Comments below for tomorrow’s play and anything that raised interest today.

England vs. India, 4th Test, Day 3 – The Flames Are All Long Gone, But The Pain Lingers On.

As a holder of a ticket for the 4th Day at the Oval, I was somewhat worried yesterday that my chances of seeing a decent amount of live play weren’t looking great. Oh how wrong I was. India were superb and dominated a tired and undisciplined England attack, the first over with the new ball excepted and have put themselves in a strong position to go 2-1 up in the series, barring a remarkable 2nd innings with the bat from England.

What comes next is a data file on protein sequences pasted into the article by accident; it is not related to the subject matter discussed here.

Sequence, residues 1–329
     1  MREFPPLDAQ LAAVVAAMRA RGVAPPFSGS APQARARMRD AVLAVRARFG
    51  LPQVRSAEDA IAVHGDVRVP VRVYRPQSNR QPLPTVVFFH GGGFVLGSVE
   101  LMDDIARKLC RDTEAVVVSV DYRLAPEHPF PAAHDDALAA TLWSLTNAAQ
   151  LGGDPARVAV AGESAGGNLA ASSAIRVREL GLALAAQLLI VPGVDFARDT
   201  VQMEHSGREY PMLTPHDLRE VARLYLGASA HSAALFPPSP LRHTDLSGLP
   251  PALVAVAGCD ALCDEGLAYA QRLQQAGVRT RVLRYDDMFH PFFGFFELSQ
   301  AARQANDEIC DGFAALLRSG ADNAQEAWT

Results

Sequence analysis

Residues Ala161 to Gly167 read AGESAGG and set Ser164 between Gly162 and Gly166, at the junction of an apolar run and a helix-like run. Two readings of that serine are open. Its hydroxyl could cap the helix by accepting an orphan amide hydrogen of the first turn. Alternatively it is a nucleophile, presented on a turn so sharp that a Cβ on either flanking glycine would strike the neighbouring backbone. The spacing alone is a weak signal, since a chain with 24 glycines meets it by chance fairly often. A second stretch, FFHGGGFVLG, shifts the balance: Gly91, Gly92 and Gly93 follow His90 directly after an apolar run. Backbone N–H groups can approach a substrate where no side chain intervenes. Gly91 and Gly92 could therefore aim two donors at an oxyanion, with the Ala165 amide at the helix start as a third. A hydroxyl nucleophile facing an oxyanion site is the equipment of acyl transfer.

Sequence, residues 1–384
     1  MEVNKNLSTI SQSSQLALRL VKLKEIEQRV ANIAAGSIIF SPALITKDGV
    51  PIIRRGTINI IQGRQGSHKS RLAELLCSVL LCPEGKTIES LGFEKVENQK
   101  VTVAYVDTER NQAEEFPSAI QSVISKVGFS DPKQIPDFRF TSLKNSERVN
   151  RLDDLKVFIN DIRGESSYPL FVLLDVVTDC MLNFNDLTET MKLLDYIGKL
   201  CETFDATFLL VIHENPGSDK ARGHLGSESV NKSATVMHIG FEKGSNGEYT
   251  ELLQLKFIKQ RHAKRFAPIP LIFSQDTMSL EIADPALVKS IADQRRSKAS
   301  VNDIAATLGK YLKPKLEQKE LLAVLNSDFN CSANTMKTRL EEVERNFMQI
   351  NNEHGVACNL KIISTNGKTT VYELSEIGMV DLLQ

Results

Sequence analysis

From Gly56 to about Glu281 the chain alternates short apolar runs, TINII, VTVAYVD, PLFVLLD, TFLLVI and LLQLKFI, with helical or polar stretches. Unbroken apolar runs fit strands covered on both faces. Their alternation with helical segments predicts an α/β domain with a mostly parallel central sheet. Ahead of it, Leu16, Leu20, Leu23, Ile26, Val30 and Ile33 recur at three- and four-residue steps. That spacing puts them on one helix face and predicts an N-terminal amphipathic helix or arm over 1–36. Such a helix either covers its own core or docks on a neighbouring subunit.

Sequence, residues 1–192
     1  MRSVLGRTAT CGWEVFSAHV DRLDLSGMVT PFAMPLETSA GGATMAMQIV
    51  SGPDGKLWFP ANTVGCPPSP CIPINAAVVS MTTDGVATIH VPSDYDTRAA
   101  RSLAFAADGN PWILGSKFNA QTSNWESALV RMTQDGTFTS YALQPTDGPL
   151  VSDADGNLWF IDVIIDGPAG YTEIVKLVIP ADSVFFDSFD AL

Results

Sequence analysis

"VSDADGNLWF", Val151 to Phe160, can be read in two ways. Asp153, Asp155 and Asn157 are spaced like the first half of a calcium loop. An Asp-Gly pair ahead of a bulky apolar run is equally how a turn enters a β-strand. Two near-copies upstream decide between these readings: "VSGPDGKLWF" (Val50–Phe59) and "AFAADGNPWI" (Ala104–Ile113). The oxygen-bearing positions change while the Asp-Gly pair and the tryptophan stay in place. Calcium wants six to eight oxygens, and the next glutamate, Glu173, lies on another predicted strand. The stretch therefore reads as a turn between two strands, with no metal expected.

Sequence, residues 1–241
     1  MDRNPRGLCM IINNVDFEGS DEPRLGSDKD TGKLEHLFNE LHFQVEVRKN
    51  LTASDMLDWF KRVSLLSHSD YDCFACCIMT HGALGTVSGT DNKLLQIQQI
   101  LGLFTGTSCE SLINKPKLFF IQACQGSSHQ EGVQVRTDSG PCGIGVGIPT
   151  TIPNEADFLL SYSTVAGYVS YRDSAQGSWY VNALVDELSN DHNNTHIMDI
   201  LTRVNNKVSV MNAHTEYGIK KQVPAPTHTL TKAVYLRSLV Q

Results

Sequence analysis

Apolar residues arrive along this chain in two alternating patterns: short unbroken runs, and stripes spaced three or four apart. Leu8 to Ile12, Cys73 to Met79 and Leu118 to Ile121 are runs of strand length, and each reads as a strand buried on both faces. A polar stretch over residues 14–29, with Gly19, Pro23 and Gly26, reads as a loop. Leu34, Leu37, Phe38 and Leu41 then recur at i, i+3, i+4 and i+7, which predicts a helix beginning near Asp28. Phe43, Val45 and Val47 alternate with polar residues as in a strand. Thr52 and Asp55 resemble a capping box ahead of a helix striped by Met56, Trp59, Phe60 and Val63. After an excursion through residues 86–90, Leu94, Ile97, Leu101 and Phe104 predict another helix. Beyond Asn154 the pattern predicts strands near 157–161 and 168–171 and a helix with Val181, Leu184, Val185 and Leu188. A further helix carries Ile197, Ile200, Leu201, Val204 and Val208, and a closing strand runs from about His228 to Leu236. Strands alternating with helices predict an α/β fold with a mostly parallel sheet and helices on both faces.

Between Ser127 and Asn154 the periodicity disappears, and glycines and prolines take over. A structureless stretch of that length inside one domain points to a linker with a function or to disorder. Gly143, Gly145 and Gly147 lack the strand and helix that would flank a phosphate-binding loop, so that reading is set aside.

The day seemed set up for bowling with cloudy overhead conditions and a bowling line up used to get prodigious swing in English conditions. Of course, none of that happened, the seam bowlers whilst generally being economical posed little threat and the swing that we were hoping to see never materialised. As a former bowler, it still interests me how overhead conditions can be so different at different grounds with regard to how the ball behaves and how sometimes a ball will do nothing, then get replaced by another ball after the captain has complained so much and got it replaced and then that ball will suddenly start hooping. An interesting titbit, I read on Twitter (thanks TLG) is that an Indian NASA scientist once did a paper trying to explain reverse swing. It intrigued them so much they ended up supporting the whole project. Long story short was they couldn’t fully work it out. Now if NASA can’t work out why a ball will or will not swing and sometimes reverse, then I think us mere mortals don’t stand a chance. Whatever it was today, be it the pitch, the outfield, or the ball, it simply didn’t swing and hence England’s bowlers looked pretty innocuous on a day where we hoped they could dominate.